Richard David James (born 18 August 1971), best known as Aphex Twin,[nb 1] is an Irish-born British musician, composer and DJ. He is known for his idiosyncratic work in electronic styles such as techno, ambient, and jungle. Journalists from publications including Mixmag, The New York Times, NME, Fact, Clash and The Guardian have called James one of the most influential and important artists in contemporary electronic music.
|Birth name||Richard David James|
|Also known as|
|Born||18 August 1971|
|Origin||Cornwall, United Kingdom|
|Discography||Richard D. James discography|
Raised in Cornwall, James began DJing at free parties and clubs in the area and around the South West in the late 1980s. His debut EP Analogue Bubblebath, released in 1991 on Mighty Force Records, brought James an early following; he began to perform across the UK and continental Europe. James co-founded the independent label Rephlex Records the same year. His 1992 debut album Selected Ambient Works 85–92, released by Belgian label Apollo, garnered wider critical and popular acclaim. James signed to Warp in 1993 and subsequently released charting albums such as ...I Care Because You Do (1995) and Richard D. James Album (1996), as well as Top 40 singles such as "Come to Daddy" (1997) and "Windowlicker" (1999); the latter two were accompanied by music videos directed by Chris Cunningham and brought James significantly wider international attention.
After releasing Drukqs in 2001 and completing his contract with Warp, James spent several years releasing music on his own Rephlex label, including the 2005 Analord EP series under his AFX alias and a pair of 2007 releases as the Tuss. In 2014, he made available a previously unreleased 1994 LP as Caustic Window. He returned later that year with the Aphex Twin album Syro on Warp, winning the Grammy Award for Best Dance/Electronic Album. He has since released charting EPs including Cheetah (2016) and Collapse (2018).
Early life Edit
James was born on 18 August 1971 in Limerick, Ireland, to Welsh parents. He has said that he had a stillborn older brother also named Richard whose name he inherited. In a 1997 interview with Alternative Press, James stated that this death occurred while his family had moved to Canada in 1968 for his father's mining work; it led his mother to reuse the name because "she didn't want to accept the death of the child." James grew up in Cornwall, where he lived in Lanner while attending Redruth School in Redruth. James said he liked growing up there, "cut off from the city and the rest of the world". He became interested in making sounds before writing music, and as a child he played with the strings inside his family piano and disassembled tape equipment. In a 2001 interview, James said that at age 11, he won £50 in a competition for producing sound on a Sinclair ZX81, a home computer with no sound hardware: "I played around with machine code and found some codes that retuned the TV signal so that it made this really weird noise when you turned the volume up." However, Fact Magazine reported in 2017 that this contest story is dubious, and likely based on a program published in Your Computer Magazine 1982, for which the author (G. N. Owen) was paid £6. James states that he bought his first synthesizer at age 12 and after taking an interest in electronics would modify analogue synthesisers "and junk" to make noise.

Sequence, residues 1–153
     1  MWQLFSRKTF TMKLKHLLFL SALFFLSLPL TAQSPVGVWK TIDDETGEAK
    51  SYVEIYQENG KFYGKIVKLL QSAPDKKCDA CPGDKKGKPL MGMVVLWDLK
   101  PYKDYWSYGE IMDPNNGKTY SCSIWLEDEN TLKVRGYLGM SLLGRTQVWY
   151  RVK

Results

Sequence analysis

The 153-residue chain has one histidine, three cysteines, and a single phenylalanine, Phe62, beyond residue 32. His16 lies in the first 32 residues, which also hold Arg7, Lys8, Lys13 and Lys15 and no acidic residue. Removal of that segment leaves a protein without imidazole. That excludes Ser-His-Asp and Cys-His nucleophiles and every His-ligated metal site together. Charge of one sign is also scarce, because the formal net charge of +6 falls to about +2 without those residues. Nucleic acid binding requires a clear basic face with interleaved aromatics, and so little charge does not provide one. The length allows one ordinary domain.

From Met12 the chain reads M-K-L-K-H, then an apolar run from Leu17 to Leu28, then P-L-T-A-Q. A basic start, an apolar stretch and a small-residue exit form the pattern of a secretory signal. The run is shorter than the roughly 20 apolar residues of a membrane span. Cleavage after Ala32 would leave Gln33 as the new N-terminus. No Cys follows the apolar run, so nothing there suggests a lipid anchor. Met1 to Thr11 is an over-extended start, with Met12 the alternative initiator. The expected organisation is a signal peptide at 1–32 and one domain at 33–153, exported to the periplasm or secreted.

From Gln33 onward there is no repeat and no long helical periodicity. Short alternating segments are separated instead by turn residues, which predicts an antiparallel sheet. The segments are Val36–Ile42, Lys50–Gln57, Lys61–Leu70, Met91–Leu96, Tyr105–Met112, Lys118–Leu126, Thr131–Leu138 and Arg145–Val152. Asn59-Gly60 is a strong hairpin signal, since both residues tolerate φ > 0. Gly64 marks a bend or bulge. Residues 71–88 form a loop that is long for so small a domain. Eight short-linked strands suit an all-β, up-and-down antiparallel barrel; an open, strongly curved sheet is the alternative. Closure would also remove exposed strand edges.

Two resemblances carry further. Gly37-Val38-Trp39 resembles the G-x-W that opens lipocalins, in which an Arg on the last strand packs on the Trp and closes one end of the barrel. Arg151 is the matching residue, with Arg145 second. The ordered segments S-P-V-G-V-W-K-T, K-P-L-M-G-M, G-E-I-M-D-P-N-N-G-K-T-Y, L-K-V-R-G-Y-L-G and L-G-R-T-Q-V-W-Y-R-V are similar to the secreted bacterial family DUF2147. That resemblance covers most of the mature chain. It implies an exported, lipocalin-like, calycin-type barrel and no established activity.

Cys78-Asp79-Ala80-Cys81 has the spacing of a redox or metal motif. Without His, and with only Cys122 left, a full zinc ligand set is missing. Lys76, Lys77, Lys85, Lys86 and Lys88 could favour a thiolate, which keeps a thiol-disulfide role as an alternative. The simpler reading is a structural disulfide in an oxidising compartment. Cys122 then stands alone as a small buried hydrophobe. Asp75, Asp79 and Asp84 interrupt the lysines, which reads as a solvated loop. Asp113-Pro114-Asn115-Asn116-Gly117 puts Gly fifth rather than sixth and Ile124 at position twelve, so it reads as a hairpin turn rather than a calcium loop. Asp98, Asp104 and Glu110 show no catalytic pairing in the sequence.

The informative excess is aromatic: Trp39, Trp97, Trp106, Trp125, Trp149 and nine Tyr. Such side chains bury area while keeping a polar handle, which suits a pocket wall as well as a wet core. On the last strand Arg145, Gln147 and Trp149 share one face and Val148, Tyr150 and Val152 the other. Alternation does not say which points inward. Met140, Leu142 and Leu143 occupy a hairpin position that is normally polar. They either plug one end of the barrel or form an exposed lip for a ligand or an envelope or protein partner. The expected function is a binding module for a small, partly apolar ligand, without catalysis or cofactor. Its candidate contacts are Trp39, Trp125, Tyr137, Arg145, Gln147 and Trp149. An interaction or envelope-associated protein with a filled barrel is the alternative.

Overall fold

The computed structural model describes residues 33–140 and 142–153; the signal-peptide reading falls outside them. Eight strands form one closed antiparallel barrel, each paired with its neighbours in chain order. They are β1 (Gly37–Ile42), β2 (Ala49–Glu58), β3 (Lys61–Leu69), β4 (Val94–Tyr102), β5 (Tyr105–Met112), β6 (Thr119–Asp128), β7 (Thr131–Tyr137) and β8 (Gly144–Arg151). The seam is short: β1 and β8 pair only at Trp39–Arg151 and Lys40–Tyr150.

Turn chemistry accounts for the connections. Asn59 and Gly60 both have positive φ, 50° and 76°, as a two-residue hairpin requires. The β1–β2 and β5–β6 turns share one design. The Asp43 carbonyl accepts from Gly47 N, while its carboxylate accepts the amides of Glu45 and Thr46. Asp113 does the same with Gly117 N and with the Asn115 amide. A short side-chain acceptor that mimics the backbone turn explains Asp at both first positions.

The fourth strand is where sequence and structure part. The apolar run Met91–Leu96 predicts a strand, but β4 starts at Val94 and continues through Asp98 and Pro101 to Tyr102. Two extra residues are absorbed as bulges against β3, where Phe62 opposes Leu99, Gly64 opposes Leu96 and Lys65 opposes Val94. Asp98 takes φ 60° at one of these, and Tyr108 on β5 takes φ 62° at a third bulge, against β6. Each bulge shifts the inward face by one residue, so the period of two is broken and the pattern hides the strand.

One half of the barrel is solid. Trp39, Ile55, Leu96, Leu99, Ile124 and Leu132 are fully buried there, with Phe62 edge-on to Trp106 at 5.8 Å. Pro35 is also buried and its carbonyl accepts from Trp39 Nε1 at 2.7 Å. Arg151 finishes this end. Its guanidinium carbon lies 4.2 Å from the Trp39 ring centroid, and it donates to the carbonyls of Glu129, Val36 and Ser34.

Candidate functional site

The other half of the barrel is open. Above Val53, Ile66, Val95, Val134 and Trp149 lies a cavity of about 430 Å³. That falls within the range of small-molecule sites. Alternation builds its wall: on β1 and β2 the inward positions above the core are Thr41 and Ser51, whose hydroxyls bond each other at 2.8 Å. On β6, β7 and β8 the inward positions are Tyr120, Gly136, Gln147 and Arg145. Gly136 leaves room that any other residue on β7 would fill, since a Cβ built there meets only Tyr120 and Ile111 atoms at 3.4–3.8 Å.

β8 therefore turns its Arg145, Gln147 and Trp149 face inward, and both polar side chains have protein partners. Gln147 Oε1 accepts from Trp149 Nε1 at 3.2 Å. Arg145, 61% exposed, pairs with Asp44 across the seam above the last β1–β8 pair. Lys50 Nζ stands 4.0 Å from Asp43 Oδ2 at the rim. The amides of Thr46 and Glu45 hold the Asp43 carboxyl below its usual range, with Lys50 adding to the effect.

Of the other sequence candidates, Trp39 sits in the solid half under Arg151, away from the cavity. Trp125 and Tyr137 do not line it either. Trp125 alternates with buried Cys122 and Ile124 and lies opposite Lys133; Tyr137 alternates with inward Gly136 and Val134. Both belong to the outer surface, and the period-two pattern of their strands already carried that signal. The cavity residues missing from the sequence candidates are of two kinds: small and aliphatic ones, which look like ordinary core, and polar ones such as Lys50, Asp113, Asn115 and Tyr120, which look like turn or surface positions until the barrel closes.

James began making music aged 14, partially as a refuge from the "bloody awful" Jesus and Mary Chain albums played by his sister. Cornwall had few record shops, but a thriving nightlife in which acid house was popular. James claimed to have been making music with similarities to acid and techno for years before hearing the genres, leading him to purchase every record he could find in the styles. In his late teens, James began DJing at clubs and raves, and included his own tracks in his sets. He studied at Cornwall College from 1988 to 1990 and graduated with a National Diploma in engineering. According to one lecturer, he often wore headphones during practical lessons and had a "kind of mystique about him ... I think some of the other students were a bit in awe of him."
1988–1991: Cornish free parties, Rephlex Records and first releases Edit
In the late 1980s, James became involved in the Cornish free party scene, putting on raves at "secret coves along the coast and behind sand dunes". The first party he DJed at was in a barn in 1988. Parties were also known to take place at Gwennap Pit. They mainly attracted local youths and travellers, with entrance donations taken in cannabis. The tight-knit community would also put on nights at small clubs in towns around the county, including St. Ives, Porthtowan, and St Austell. James would later refer to this scene as the "best he's ever been involved in".
James started a regular DJ slot in 1989, playing alternate weeks at the Bowgie nightclub in Crantock. There he met Tom Middleton and Grant Wilson-Claridge. Impressed by James's music, Middleton played a tape James had given him to a free party organiser in Exeter, who eventually convinced James to release a record on his fledgling record label Mighty Force Records. James was initially resistant, but while he was tripping on acid backstage at a DJ gig, Darby and Middleton convinced him to release the record. Darby later said: "I think if he had not done that trip that night there may have never been any Aphex Twin." James has given a similar account: "...they made me sign the contract when I was off my face. I was tripping and they're waving this money and a pen at me. It's a bit clichéd but it's the way they got me to sign." Similarly impressed by James's music, Wilson-Claridge suggested they use some money he inherited to create a record label to release it. He and James founded Rephlex Records in 1991.